(1)   Any of various burrowing animals of the family Leporidae having long ears and short tails; some domesticated and raised for pets or food
(2)   Flesh of any of various rabbits or hares (wild or domesticated) eaten as food
(3)   The fur of a rabbit


(4)   Hunt rabbits

Etymology 1

rabet from *rabot (cf French dialect rabotte 'rabbit', robète 'young cony') of origin, from robbe ( robbe 'rabbit', rob 'rabbit'). Akin to robbe 'seal, sea-dog'.


  1. Several small mammals of the family Leporidae (rabbits and hares), with long ears, long hind legs and a short, fluffy tail. Confusingly, jackrabbit is a hare.
    The pioneers survived by eating the small game they could get; rabbits, squirrels and occasionally a raccoon.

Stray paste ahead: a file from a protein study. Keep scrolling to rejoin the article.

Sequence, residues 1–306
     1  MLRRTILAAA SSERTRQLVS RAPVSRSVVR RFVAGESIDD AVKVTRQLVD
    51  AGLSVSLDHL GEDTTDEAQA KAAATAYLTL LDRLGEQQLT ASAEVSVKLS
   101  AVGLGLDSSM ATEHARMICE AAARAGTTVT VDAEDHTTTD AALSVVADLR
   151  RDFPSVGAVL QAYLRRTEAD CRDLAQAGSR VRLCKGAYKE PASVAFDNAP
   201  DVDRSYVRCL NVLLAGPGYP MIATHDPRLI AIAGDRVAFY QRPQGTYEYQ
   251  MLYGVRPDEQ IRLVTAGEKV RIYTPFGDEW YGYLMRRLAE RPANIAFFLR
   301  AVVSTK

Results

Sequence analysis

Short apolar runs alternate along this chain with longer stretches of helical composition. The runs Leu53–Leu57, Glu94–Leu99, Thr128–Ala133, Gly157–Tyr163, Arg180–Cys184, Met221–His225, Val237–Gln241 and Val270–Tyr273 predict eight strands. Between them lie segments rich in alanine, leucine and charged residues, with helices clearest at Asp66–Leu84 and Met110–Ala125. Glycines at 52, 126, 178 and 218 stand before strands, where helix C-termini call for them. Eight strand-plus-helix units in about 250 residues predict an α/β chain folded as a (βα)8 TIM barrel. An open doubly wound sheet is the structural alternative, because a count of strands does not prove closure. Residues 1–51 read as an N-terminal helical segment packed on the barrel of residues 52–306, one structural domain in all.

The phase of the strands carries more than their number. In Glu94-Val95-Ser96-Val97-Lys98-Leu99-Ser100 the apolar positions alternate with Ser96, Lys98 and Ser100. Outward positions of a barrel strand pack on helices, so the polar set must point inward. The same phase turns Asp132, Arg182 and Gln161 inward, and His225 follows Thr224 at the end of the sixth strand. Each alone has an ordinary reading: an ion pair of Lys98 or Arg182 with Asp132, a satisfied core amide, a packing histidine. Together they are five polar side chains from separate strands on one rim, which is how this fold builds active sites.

2. The fur of a rabbit typically used to imitate another animal's fur.
  3. A runner in a distance race whose goal is mainly to set the pace, either to tire a specific rival so that a teammate can win or to help another break a record; a pacesetter.
  4. A very poor batsman; selected as a bowler or wicket-keeper.


  1. To hunt rabbits.

See also


  1. to talk incessantly and in a childish manner; to babble annoyingly.
    Stop your infernal rabbiting! Use proper words or nobody will listen to you!
  2. to flee.
    The informant seemed skittish, as if he was about to rabbit.